Since recent studies indicated that in AGS epithelial cells, the pic gene products were essential for the enhanced IL-8 mRNA and protein levels induced by cag+ strains (16), we sought to determine whether these products also are essential for H. pylori-induced IL-8 promoter activity in AGS cells. Inducible activation of IL-8 promoter activity was assayed in AGS cells by transient transfection analysis, as described above. After stimulation with the cag+H. pylori strain 88-23, there was a 5.2-fold increase in CAT activity (Fig. 2). Isogenic picA1 and picB mutants of cag+ strain 88-23 and the wild-type cag strain 88-22 did not induce IL-8 promoter activity. An isogenic cagA mutant of strain 88-23 induced IL-8 promoter activity, but at a reduced level. These results indicate that the H. pylori pic gene products are essential for induction of IL-8 promoter activity in AGS cells, which parallels the previously reported IL-8 mRNA and protein responses (16).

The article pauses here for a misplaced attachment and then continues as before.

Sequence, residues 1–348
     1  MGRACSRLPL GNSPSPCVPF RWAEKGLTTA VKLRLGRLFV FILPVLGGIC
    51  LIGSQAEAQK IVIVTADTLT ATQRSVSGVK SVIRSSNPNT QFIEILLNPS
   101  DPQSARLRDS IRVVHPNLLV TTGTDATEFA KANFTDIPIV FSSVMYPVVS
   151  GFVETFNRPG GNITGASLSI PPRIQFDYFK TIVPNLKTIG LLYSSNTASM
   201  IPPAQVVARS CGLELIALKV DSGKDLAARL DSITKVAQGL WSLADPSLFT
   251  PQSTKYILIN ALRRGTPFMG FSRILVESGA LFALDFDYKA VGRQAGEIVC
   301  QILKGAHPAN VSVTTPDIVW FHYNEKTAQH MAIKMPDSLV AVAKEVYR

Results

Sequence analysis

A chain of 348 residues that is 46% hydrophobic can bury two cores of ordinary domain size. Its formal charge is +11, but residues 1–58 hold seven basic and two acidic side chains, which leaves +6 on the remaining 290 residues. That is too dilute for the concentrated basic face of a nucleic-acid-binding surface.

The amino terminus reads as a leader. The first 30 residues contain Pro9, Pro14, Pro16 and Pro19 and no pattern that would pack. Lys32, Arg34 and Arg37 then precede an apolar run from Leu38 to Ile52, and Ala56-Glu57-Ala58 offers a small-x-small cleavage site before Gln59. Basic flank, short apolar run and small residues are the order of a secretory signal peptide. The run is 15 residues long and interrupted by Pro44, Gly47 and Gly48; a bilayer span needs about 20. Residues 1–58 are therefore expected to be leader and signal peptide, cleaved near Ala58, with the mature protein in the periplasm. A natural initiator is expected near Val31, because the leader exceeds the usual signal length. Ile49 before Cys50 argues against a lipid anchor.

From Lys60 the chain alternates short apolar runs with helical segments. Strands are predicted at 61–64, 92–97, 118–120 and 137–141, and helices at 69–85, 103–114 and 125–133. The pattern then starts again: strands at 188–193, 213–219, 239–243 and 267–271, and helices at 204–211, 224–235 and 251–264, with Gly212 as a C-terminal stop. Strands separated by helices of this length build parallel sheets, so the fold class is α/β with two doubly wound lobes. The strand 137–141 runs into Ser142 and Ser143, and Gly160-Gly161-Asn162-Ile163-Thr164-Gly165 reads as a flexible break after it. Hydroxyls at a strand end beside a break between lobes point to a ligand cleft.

The transient transfection analysis experiments with the wild-type and mutant IL-8 promoter/CAT reporter gene constructs indicate that both NF-IL-6 and NF-κB sites are essential for H. pylori and also for TNF-α-mediated activation of the IL-8 promoter in gastric AGS epithelial cells. To further determine whether the increase in IL-8 expression seen in H. pylori-stimulated gastric epithelial cells was related to alteration in NF-κB or NF-IL-6 binding activity in the nuclei, nuclear extracts from AGS cell monolayers were prepared, and EMSAs were performed using as probes radiolabeled oligonucleotides representing wild-type IL-8 promoter NF-κB and NF-IL-6 element sequences. A single predominant κB binding complex (absent in unstimulated cultures; Fig. 3, lane 1) was induced in AGS cells after stimulation with live H. pylori wild-type strain 88-23 (lane 2). The specificity of this inducible κB-binding factor was confirmed by competition analysis with unlabeled wild-type and mutant oligonucleotides. Rel/NF-κB proteins appeared to mediate this H. pylori-induced binding, since unlabeled wild-type (lane 3), but not mutant κB oligonucleotides (lane 4) effectively competed with the induced NF-κB complex. NF-IL-6 binding was constitutively present in nuclei from unstimulated cultures, appearing as two bands on EMSA (lane 5). Stimulation with H. pylori did not alter this binding (lane 6).